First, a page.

Moreover, even properly-installed locks can lead to security issues if you install the wrong lock for the job. For example, choosing a single-sided deadbolt for a door with a large window can create issues. These deadbolts do not require a key to operate from inside your home. While convenient, this also allows burglars to break your window to unlock your door. This creates an easy way to bypass your lock and gain entry to your home.
For doors that you do not rely on for a fire escape, consider installing a double-sided deadbolt. These deadbolts require a key to operate from either side. Therefore, breaking the glass will not allow criminals to operate your deadbolt. If you do anticipate using a door with a window in case of a fire, consider a deadbolt with a removable thumbturn, such as the pictured model by our preferred lock manufacturer, Medeco. Next up, let’s examine the role of lock quality in creating overall door security.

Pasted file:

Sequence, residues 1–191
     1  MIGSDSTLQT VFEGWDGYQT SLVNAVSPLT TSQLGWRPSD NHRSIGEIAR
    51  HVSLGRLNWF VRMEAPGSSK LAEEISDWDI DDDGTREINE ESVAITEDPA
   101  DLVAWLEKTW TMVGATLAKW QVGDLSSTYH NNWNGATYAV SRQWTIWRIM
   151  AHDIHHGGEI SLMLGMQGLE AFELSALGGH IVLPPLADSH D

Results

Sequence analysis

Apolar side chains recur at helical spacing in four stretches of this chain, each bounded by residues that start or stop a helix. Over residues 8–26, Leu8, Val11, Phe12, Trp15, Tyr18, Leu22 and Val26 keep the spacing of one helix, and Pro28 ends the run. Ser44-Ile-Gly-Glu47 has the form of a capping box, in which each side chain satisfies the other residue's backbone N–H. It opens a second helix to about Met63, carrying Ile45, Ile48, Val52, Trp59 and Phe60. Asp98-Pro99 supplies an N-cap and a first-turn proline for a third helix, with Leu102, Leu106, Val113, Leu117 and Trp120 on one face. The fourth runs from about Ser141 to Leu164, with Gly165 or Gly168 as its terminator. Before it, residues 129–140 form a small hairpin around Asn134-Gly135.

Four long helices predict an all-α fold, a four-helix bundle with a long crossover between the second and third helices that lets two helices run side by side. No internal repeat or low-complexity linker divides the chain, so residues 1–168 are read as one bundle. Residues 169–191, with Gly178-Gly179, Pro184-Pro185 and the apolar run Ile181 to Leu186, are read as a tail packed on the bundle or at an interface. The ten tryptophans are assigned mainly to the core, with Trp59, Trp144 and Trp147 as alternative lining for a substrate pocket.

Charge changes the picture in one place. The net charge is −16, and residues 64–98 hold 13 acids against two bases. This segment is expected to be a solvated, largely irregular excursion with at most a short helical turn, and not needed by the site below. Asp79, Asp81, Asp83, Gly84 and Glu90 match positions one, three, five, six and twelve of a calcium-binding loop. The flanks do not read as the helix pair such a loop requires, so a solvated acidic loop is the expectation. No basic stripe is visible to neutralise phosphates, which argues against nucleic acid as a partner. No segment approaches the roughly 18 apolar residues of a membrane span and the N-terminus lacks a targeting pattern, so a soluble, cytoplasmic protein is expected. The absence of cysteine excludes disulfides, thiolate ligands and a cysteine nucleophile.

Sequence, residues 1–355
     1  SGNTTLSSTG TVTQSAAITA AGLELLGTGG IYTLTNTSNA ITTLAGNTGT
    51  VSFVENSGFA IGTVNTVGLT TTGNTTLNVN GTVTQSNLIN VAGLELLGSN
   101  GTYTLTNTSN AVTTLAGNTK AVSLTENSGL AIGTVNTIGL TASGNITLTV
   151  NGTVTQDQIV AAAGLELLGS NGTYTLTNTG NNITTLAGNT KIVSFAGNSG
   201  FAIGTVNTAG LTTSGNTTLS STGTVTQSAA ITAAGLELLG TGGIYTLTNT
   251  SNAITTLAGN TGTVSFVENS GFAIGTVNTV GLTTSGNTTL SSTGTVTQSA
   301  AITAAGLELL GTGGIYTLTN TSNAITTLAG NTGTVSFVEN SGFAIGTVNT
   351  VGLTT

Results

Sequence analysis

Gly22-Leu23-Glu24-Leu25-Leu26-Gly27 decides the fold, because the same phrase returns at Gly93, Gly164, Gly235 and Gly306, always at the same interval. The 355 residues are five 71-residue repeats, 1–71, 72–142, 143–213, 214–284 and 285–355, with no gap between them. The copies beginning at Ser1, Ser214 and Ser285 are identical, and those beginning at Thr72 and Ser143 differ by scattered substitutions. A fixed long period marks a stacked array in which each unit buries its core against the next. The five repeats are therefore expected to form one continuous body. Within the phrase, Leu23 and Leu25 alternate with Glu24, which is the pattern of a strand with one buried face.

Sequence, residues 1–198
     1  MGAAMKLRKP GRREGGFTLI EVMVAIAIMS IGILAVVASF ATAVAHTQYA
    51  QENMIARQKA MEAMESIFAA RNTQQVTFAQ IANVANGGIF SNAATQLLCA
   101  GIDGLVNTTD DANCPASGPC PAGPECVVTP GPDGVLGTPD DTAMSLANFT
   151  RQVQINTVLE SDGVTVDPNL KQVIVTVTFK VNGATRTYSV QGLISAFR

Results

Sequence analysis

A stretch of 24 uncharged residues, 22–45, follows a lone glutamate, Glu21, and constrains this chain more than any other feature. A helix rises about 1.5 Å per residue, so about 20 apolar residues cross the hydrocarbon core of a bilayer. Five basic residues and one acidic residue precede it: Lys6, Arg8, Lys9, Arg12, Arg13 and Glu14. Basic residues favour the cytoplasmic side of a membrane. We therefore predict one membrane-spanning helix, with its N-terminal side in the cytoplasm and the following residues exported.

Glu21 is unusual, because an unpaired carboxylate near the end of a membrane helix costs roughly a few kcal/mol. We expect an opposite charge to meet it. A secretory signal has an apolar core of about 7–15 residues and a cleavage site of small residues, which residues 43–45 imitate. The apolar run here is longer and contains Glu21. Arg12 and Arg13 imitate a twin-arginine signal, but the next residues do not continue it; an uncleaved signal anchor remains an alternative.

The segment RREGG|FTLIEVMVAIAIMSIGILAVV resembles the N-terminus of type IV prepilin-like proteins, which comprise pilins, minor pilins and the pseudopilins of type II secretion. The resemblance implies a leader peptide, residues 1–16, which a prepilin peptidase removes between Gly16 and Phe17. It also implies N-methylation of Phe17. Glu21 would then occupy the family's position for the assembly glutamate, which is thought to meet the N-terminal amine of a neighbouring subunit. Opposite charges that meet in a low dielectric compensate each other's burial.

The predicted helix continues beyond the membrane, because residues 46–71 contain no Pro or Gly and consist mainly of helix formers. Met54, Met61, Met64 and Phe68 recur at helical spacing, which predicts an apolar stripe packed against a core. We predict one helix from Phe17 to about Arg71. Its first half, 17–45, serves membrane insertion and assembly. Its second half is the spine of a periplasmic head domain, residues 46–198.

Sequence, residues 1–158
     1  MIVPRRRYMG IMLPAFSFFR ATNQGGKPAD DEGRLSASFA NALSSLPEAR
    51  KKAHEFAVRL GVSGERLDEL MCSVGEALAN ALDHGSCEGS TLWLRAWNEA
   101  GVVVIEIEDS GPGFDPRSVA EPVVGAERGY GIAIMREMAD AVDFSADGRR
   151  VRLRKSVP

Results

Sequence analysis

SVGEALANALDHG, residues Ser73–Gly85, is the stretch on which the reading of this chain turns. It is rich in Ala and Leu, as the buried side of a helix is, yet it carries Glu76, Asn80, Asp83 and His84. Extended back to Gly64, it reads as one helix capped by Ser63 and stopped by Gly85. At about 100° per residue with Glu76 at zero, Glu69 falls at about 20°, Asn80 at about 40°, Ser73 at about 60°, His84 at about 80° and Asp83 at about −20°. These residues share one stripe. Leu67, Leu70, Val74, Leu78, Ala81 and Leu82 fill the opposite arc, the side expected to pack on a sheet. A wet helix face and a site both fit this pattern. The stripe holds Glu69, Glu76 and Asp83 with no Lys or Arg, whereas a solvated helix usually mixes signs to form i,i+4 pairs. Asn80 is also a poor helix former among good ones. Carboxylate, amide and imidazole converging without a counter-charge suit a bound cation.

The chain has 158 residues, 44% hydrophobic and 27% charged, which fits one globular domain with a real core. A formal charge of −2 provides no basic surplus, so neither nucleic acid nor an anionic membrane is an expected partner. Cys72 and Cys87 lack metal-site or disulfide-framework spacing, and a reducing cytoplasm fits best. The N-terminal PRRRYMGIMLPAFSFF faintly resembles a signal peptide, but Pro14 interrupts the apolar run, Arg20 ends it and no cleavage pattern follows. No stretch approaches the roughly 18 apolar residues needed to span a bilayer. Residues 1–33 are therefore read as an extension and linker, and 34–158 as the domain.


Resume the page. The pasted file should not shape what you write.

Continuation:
Choosing Easy-to-Compromise Locks
All of us have heard the old adage that “you get what you pay for.” This sentiment runs especially true in the security industry. Many customers express surprise at how much the quality of lock hardware varies. In fact, lock hardware quality varies so much that the industry uses a three-point grading system designed by the American National Standards Institute (ANSI) and Builders Hardware Manufacturers Association (BHMA) to measure a lock’s quality!
Lock manufacturers often seek out ANSI/BHMA certification for their product lines. This certification involves putting locks through tests meant to gauge factors such as bolt strength, security, the ability to withstand impact and force, and quality of finish, among others. Allegion, one of the biggest global providers of security products, provides this helpful guide to door hardware testing. The lowest-quality hardware receives a “Grade 3” designation, with the best scoring in at Grade 1. As you can probably guess, Grade 2 falls right in the middle. Grade 2 locks represent a step up from Grade 3, without having quite the quality of a Grade 1 lock.